Xi’s embrace of Marxism only goes as far as it bolsters his legacy
Cary Huang says the Chinese president’s apparent enthusiasm for communist orthodoxy is no true ideological revival, which would be impossible in today’s China. Rather, it reflects his desire to stamp his authority
Is President and Communist Party chief Xi Jinping (習近平) a dedicated socialist and believer in Marxism, given his keenness to promote communist ideology?
Xi has shown greater enthusiasm for the communist orthodoxy than his four predecessors after Mao Zedong (毛澤東) – Hu Yaobang (胡耀邦), Zhao Ziyang (趙紫陽), Jiang Zemin (江澤民) and Hu Jintao (胡錦濤). On November 23, Xi chaired a Politburo session to study Karl Marx’s political economy theory. He has led two similar sessions, one on the German philosopher’s dialectical materialism, the other on his historical materialism.
Under Xi’s rule, the government has directed more resources to the study and fostering of the Marxist tradition and the works of Mao. He wants to make the world’s last major communist-ruled nation a global centre of Marxism.
In October, Peking University hosted the inaugural “World Congress on Marxism” and laid the foundations for the construction of a Karl Marx Building, to make the campus the permanent host of the biennial global event.
READ MORE: The method in Xi Jinping’s Marxism: What’s behind the president’s push for the economic theory?
The revival of Marxism is a major departure from Deng Xiaoping’s (鄧小平) more pragmatic and fact-driven approach to development. And it seems all the more ridiculous to explore Marxist political economy for China’s development when the party has pledged to allow the market to play a “decisive role” in the distribution of resources.
While continuing Deng’s reformist path, Xi has also tried to revive some Maoist policy and resurrect slogans and practices from decades ago. For instance, he launched the Maoist rectification campaign, better known as the “mass line”, and ordered officials, academics, journalists and university students to take compulsory courses on Marxist philosophy.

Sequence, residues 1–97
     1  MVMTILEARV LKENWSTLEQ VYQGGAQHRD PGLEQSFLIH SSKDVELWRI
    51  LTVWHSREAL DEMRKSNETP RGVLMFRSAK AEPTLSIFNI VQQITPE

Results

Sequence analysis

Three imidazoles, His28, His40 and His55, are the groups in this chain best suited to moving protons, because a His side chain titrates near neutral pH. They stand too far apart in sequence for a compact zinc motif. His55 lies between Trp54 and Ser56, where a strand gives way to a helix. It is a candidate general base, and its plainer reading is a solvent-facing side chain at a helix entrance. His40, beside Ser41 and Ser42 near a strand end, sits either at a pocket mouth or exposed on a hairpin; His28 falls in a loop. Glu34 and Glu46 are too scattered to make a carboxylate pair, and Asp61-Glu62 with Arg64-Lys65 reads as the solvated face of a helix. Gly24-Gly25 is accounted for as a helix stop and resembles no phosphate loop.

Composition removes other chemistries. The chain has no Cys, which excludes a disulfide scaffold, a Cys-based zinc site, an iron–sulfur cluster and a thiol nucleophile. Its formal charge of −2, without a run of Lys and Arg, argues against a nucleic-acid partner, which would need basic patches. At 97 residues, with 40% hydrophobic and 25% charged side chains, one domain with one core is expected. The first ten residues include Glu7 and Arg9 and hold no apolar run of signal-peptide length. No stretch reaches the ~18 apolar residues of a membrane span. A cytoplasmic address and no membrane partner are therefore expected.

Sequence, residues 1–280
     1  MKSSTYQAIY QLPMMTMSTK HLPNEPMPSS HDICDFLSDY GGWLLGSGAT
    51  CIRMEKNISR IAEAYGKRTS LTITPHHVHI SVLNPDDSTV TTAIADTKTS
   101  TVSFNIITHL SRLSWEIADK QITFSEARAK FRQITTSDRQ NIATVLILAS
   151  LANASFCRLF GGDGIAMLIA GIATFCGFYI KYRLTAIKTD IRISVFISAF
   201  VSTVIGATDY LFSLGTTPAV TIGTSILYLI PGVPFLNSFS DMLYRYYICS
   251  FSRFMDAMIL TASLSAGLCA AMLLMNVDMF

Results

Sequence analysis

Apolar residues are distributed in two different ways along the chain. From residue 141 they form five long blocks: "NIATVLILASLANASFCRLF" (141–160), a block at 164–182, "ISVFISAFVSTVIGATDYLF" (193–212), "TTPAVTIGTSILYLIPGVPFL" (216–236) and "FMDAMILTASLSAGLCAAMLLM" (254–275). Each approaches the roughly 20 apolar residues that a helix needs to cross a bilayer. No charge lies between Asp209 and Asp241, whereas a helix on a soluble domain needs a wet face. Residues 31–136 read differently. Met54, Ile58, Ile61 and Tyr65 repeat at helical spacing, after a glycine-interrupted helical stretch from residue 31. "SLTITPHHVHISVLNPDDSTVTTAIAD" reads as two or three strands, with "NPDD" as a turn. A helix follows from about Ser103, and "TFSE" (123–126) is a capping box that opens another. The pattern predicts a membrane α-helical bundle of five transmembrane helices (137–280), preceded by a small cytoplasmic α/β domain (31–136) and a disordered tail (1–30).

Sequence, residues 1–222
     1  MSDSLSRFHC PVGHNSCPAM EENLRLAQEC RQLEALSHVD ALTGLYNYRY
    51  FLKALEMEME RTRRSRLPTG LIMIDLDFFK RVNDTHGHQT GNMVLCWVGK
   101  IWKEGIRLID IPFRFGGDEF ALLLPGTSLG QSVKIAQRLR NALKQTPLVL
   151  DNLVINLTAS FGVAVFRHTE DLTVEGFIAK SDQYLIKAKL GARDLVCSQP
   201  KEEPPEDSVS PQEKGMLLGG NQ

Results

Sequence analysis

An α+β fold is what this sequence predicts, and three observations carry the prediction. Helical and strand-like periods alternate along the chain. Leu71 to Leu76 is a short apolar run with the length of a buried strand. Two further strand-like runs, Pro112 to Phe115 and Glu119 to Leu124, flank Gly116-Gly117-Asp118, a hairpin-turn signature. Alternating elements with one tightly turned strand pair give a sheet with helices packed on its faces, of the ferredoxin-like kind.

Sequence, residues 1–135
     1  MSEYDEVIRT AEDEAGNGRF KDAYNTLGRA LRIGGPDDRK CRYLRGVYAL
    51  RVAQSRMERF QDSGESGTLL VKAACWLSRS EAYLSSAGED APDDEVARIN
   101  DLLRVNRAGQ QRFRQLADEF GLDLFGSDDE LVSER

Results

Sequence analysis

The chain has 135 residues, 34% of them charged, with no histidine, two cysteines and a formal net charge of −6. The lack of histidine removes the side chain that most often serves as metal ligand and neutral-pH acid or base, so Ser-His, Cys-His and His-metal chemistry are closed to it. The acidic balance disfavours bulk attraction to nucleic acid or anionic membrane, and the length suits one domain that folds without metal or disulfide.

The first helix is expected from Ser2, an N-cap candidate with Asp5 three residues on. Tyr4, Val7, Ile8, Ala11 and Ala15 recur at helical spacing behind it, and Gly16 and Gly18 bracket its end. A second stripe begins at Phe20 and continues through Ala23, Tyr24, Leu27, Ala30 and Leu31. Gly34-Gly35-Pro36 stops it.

He has repeatedly stated that Marxism must remain the ideological lodestar of the ruling party and the nation.
He is also more of a nationalist than his predecessors, given the heightened tensions with Japan, Vietnam and the Philippines over the territorial disputes under his presidency.
The question now is whether Xi, who earned a doctorate in “scientific socialism” from the prestigious Tsinghua University, is a true Marxist or Maoist who wants to derail China’s development from the path envisioned by Deng. Or does this son of a revolutionary want to bring the world’s proletariat to the communist nirvana as it is “the ultimate goal of the party”, as stated in China’s party charter? Clearly, there is no easy way to reconcile the combination of Marxism, Maoism, nationalism and market reform.
Most China observers agree that Xi’s promotion of the communist orthodoxy is merely a result of his desire to develop his own political theory and shape his legacy rather than an attempt to return China to communist orthodoxy. Today, communist rule is what matters, not any particular “ism”.
If the leadership does not believe in its own ideology, where is the legitimacy of Communist Party rule, and how can its authoritarianism continue? Xi apparently wants to continue what Mao, Deng and his four predecessors have achieved, and also distinguish himself.
But what Xi desires most is to use the crusade to assert his absolute authority within the ruling circle, without using such words.
Xi is not a fundamentalist Marxist, purely socialist, or a nationalist. Nor is he a Maoist or Dengist. He seeks to be his own man, someone who combines the merits of all the historic greats to make himself even greater. Xi wants to see China’s revitalisation and thus leave a legacy that can rival those of the greatest emperors of the Middle Kingdom.
Cary Huang is a senior writer at the Post